COOS BAY -- A scheduling conflict in Newport has brought the tall ships the Lady Washington and the Hawaiian Chieftain to Coos Bay for the next week.
Weather restricted the Lady Washington from making her Coos Bay visit in mid-April. It was surprising that the Bay area received the opportunity for a summer visit.
Much of the credit for organizing the last minute visit belongs to the director of the Boat Building Center. Tom Leahy, who immediately contacted the ship owners at Gray's Harbor Historical Seaport when he heard of the cancellation in Newport.
The two ships have a busy schedule over the next week complete with vessel tours, adventure sails, and even battle sails. The ships made it to the bay earlier in the week, and will be staying through to July 23.
“We’ll be doing sails almost every day… We’re doing battle sails almost every day. Battle sails are a lot of fun for us. We’ll turn around and set sail and talk about how battle tactics would have worked in the 1700s and 1800s,” Hawaiian Chieftain Capt. Ryan Downs said.
Although the Hawaiian Chieftain and Lady Washington are not warships they are rigged similarly to how warships would have been. Crew members from each ship will be firing black powder blanks at each other during the simulated battles.
According to Downs, Coos Bay is one of the Hawaiian Chieftain's favorite ports to visit because few ports are as welcoming as ours.
“Coos Bay is great. There are few towns we go to that enjoy us being there as much as Coos Bay… There are a few towns that are just really excited when we show up, and Coos Bay is one of them,” Downs said.
The crew of the Hawaiian Chieftain expressed a fondness for local Coos Bay business Time Bomb Clothing Exchange.
“We like going to the Time Bomb. All of our clothes basically have come from Time Bomb,” Downs said.
Thursday afternoon the crew of the Lady Washington was on deck working on crew training exercises while docked at the boardwalk.
Some of the crew members are very new to sailing, participating in a two week training program which gives them experience working on the ships and can qualify them to come back as volunteers in the future.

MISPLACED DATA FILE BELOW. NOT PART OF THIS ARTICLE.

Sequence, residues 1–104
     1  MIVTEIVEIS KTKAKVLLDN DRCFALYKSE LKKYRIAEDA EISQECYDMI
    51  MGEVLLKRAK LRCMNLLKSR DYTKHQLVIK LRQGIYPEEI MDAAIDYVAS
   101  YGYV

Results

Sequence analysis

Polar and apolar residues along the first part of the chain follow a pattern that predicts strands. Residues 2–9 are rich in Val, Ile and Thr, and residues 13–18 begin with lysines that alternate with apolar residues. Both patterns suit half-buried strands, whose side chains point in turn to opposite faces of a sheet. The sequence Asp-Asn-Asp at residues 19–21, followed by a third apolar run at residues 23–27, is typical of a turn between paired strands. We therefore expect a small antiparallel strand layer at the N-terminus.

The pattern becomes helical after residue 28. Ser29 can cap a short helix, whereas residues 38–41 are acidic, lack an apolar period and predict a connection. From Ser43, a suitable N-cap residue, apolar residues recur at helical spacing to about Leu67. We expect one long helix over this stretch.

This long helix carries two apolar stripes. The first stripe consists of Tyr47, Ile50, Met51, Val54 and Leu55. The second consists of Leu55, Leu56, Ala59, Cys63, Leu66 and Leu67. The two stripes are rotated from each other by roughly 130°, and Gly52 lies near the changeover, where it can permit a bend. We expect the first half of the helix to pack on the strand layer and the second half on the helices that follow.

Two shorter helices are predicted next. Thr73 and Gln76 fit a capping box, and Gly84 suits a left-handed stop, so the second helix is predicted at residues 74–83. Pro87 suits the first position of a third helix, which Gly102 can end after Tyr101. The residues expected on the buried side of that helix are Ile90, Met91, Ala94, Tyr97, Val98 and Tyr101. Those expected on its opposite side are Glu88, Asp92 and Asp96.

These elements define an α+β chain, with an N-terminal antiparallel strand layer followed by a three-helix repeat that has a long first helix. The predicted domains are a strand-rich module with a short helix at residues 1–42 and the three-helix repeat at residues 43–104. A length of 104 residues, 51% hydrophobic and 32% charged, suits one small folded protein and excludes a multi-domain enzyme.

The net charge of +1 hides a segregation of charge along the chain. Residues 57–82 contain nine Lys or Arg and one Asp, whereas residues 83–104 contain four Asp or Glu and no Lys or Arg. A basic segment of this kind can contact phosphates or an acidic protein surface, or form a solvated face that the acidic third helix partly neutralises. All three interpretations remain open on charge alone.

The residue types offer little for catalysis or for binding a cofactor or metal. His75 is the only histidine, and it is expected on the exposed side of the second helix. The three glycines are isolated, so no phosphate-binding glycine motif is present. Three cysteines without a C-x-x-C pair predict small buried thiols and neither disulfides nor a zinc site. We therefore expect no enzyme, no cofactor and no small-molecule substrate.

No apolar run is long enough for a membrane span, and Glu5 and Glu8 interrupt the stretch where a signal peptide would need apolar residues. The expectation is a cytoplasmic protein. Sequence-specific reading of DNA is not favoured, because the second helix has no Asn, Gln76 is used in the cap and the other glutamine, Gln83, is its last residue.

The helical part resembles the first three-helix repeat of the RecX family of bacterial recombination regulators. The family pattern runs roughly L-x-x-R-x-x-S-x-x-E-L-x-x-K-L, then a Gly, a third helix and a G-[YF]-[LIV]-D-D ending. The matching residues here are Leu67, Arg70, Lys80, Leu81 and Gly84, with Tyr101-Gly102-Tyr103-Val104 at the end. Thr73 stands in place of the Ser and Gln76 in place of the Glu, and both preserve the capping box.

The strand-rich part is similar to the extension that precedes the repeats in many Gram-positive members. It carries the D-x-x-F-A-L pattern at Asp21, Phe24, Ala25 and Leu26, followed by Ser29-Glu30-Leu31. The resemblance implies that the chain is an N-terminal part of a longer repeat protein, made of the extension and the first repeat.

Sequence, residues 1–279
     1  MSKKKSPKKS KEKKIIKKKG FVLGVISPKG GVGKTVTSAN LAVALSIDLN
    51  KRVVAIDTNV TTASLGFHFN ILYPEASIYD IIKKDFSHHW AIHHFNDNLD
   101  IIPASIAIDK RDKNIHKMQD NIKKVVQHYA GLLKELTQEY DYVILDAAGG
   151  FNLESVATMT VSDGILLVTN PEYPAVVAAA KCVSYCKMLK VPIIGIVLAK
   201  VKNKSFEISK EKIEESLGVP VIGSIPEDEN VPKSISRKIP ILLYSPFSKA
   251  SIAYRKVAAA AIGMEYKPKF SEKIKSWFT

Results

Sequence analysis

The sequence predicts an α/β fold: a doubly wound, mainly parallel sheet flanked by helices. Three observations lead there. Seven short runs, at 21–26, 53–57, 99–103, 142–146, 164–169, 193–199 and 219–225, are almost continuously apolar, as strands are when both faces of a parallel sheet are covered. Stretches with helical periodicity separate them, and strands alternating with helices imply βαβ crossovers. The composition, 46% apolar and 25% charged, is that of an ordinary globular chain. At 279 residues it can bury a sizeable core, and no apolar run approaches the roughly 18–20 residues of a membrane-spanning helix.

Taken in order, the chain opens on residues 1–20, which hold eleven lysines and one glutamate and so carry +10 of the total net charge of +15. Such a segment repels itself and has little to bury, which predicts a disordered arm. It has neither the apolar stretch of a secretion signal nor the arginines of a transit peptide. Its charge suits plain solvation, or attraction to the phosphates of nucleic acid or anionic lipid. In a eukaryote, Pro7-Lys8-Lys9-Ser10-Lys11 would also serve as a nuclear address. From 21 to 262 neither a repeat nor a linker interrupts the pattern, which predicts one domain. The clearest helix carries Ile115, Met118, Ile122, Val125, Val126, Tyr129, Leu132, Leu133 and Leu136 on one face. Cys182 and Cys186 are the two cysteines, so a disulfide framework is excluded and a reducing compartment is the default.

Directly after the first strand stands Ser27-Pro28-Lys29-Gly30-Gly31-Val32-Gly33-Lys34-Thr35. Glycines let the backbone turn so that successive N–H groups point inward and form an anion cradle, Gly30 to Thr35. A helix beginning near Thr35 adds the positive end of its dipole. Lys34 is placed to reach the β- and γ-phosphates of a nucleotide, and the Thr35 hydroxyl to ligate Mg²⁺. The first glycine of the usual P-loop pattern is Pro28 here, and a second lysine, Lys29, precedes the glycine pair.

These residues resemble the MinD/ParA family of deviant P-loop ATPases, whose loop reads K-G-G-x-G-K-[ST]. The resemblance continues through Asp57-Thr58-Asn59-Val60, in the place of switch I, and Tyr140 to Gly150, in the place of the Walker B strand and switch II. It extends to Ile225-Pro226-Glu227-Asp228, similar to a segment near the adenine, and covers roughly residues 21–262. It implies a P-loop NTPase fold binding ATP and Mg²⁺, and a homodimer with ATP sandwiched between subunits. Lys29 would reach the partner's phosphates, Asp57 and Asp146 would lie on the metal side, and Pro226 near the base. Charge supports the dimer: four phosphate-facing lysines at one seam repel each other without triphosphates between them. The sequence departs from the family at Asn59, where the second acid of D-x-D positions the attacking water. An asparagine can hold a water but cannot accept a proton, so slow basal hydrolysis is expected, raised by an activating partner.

“I’m doing a two week training, afterward, if all goes well I can volunteer if I choose to continue sailing,” Corbyn Mejia said.
Mejia’s grandfather heard about the training program and signed him up as a gift for his high school graduation.
Deck hand James Hsu has been aboard the Lady Washington for the past month. He found his way to the ship through his historical reenacting hobby.
“I do a lot of black powder stuff, so the cannons are my favorite. I like to shoot them off and do battle sails with them,” Hsu said.
Hannah Livant is the Lady Washington’s program coordinator, which means she is often in charge of educating the groups that come aboard. She said that one of her favorite things to show groups are the braces that are on either side of the ship.
“I like to have people pull on them. A lot of this seems really complicated until you lay hands on it… what I like is when someone realizes they can do something that they’ve never been able to do before,” Livant said.
Haylee Grimes is the chief mate of the Lady Washington. As second in command, she relays orders from the captain to the crew.
“A lot of what the crew hears as far as sail commands comes from me…My favorite part about working on the ship is seeing people grow. The first day they step on board they know absolutely nothing, and they’re super overwhelmed. All of a sudden you see them telling other people where things are,” Grimes said.
Soon the Hawaiian Chieftain will be starting a new program called Sea School Northwest. The goal of the program is to get people from ages 16 to 35 on the ship and learning about the maritime industry.
“The idea is that they’ll go into industry jobs here in the Northwest. Whether it’s tugboats, ferries or cargo ships. What we’re finding is that in all of these industries a lot of the crews are nearing or at retirement age. In the next 10 years there is going to be a huge crisis for folks working on the water,” Downs said.
All of the different sailing excursions on the vessels are education based, using the ships from the Pacific Northwest to teach folks about sailing and trade in the area during the 1700s and 1800s.